I did have a chat with the security guard. I asked her for advice on getting fit, she asked me much the same about keeping thin. After a few minutes of talking diet and exercise I joked that between the two of us we’d make one whole healthy person.
There was possible flirting–she was overly complimentary of my hair and vest, and I think I saw her do a wedding ring check. She asked if she could friend me on Facebook and I gave her my name (she hasn’t, and I don’t expect her to).
Since my friend was interested in the whole situation, I let him know we’d chatted. He asked if I’d made a move.
Thing is, I’d never planned to. The fear of talking to this woman had nothing to do with rejection as a partner, but fear of attack if she realized attraction existed. (Also, general crippling anxiety. Let’s don’t forget that part.)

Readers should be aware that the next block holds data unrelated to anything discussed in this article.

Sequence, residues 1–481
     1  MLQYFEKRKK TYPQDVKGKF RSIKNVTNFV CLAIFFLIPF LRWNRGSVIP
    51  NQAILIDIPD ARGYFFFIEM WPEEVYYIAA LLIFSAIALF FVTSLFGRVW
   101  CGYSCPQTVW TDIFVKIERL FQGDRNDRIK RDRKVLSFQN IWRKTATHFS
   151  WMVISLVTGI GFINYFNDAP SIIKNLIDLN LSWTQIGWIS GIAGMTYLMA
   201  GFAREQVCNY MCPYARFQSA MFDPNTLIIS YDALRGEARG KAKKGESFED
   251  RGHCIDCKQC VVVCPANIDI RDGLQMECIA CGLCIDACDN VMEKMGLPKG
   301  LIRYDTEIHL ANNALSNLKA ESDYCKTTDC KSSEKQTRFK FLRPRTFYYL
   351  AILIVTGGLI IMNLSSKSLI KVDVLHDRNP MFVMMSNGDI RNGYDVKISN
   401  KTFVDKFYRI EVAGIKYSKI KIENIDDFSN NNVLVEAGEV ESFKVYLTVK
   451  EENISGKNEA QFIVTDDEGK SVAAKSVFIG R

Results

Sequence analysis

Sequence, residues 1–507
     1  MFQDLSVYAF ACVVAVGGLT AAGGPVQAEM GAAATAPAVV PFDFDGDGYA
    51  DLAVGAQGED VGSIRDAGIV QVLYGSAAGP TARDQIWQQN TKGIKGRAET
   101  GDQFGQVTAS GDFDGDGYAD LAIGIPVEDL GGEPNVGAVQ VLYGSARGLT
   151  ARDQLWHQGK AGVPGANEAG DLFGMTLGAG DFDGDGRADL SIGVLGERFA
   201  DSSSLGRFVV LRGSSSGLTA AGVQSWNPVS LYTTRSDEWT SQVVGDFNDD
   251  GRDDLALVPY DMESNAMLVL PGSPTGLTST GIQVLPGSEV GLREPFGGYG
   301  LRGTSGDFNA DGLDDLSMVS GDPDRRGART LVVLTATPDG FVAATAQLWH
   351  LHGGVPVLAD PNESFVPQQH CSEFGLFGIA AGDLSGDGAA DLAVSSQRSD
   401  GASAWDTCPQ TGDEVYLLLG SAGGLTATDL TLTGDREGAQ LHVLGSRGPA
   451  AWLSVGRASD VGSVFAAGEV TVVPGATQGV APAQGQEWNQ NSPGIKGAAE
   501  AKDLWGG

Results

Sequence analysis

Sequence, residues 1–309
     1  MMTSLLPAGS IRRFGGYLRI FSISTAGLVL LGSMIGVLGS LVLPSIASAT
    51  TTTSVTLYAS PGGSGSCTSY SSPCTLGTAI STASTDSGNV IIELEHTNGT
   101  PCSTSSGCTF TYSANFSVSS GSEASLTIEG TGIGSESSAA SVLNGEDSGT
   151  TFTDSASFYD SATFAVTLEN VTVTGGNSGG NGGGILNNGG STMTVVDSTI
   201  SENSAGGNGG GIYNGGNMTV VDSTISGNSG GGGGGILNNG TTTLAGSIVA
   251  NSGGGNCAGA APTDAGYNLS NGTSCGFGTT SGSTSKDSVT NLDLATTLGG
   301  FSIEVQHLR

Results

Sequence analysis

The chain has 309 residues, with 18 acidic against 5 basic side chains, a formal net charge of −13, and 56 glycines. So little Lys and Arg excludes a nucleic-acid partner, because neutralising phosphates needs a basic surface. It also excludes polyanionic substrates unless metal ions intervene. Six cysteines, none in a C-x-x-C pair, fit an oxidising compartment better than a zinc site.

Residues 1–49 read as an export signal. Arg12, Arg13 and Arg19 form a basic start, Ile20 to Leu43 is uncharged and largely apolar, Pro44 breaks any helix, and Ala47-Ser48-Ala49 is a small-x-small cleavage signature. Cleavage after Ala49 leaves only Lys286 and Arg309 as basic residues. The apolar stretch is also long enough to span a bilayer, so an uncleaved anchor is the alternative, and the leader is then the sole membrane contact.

When I say I’m not slutty, people laugh. Maybe they’re right and I don’t understand the word. But I’m pretty discerning about partners. Attraction is not sufficient for me to want to ask someone out. I don’t feel the need to pursue everyone I’m attracted to, even if we spark well. It’s no different from being able to walk into a bakery and not eat lime pie and a brownie and a slice of red velvet cake. If I didn’t have the restraint to limit myself, it’d be irresponsible to play the game at all.
It seems that some folk think of polyamory that way though: as a justification for glutting oneself on relationships (or just sex). I see my nonmonogamy very differently. It’s knowing that when I go to the bakery I don’t have to get the lime pie every time just because someone else said so, but I don’t feel compelled to get one of everything and run laughing into the street with my hoard of sweets, either. A few stable relationships is a more desirable situation. And though I’m nonmonogamous, I can be happy when that few is just one. It isn’t about the number of partners or someone not being “enough” or anything else. It’s about having the right to choose.